How has the history of rock ‘n’ roll been told? Has it become formulaic? Or remained, like the music itself, open to outside influences? Who have been the genre’s primary historians? What common frameworks or sets of assumptions have music history narratives shared? And, most importantly, what is the cost of failing to question such assumptions? "Stories We Could Tell:Putting Words to American Popular Music" identifies eight typical strategies used when critics and historians write about American popular music, and subjects each to forensic analysis. This posthumous book is a unique work of cultural historiography that analyses, catalogues, and contextualizes music writing in order to afford the reader new perspectives on the field of cultural production, and offer new ways of thinking about, and writing about, popular music.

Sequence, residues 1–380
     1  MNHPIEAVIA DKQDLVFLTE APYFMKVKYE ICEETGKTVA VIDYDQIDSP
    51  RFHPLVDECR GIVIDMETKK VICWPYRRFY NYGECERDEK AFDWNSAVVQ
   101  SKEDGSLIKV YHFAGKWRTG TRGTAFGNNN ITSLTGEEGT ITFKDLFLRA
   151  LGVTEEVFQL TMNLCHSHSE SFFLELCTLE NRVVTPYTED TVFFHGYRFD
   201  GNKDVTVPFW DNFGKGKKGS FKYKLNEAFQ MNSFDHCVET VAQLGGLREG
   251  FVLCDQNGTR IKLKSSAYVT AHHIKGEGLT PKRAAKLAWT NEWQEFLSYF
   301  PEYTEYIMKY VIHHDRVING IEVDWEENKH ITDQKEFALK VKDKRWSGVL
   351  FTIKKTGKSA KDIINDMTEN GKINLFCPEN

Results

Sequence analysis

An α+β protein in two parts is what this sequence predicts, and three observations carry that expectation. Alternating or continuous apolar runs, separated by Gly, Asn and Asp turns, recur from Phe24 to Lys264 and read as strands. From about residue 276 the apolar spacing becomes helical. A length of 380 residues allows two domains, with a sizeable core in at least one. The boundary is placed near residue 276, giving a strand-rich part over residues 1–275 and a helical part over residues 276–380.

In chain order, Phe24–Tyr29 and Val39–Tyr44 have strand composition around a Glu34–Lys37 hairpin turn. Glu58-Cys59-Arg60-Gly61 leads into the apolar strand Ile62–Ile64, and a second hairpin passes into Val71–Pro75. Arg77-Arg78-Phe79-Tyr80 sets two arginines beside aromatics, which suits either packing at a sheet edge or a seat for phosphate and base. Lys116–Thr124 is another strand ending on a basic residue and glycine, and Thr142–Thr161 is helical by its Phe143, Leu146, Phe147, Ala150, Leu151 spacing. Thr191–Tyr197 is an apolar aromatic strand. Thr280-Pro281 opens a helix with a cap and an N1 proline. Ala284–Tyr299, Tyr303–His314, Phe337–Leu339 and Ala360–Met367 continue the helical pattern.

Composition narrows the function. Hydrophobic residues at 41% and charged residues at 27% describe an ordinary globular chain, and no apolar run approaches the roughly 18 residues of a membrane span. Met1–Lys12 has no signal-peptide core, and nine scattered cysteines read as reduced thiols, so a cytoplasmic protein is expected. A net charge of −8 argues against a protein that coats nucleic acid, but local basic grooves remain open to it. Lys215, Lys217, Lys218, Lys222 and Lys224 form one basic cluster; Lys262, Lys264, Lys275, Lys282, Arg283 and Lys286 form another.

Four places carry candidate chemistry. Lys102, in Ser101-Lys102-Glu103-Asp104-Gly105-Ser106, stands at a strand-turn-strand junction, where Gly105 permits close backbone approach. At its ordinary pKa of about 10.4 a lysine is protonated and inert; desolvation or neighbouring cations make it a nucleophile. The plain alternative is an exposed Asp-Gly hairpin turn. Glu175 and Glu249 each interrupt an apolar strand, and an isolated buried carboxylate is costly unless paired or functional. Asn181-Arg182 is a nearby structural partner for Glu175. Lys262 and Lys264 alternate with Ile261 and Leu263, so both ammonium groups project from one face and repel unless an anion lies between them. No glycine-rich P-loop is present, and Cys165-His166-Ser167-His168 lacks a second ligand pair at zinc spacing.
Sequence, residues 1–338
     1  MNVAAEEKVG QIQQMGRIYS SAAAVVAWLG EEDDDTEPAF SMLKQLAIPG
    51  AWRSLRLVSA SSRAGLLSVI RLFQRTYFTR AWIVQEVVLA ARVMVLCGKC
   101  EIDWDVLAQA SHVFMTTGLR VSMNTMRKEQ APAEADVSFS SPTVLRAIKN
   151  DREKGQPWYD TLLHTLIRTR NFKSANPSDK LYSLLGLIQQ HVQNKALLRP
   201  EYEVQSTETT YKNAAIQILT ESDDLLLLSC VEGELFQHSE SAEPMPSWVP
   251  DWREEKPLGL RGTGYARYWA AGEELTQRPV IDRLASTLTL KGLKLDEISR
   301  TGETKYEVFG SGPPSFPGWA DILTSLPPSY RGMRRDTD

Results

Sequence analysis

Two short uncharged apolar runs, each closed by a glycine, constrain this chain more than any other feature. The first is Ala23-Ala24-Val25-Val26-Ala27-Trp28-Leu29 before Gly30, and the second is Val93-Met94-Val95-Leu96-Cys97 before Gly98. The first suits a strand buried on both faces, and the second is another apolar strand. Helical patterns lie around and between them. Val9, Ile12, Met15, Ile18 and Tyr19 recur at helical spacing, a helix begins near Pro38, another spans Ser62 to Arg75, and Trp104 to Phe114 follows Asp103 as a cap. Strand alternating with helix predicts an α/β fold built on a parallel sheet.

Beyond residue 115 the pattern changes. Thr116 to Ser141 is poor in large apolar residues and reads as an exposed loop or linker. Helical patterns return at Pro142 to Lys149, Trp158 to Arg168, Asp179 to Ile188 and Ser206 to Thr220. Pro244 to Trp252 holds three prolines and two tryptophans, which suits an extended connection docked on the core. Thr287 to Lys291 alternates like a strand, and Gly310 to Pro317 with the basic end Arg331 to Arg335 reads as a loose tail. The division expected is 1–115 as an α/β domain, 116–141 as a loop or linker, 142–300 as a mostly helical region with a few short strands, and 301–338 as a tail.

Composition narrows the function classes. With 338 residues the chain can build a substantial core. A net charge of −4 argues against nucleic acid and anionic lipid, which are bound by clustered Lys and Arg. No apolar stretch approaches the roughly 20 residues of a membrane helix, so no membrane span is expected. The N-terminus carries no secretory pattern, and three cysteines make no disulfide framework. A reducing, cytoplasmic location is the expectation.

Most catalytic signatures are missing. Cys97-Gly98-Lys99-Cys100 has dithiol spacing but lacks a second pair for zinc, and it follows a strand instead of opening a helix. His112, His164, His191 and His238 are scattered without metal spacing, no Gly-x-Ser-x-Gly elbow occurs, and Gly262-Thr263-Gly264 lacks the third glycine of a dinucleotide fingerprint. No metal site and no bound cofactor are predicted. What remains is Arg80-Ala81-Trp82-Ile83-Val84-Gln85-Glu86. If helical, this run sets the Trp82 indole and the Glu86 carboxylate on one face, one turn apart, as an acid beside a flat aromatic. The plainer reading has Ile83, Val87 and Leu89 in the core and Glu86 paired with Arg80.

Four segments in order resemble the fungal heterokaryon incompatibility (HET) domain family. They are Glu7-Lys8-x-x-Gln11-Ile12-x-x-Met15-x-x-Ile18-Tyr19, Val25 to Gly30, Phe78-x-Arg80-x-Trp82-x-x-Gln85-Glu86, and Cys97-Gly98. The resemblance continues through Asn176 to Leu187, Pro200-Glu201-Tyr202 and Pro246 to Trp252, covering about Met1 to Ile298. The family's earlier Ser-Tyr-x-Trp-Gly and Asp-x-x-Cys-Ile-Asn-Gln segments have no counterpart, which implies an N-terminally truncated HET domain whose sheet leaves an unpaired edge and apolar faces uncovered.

1. Blood Sausage and the Building Blocks of Memory 2. Counting Down the Categories 3. The Instinctual Narrative 4. The Darwinian Narrative 5. The Heroic Narrative 6. The Ritual Narrative 7. The Alluvial Narrative 8. The Agoraphobic Narrative 9. The Manichean Narrative 10. The Mythic Narrative Conclusion: Words Escape Me Coda: Igniting Love’s Burning Coals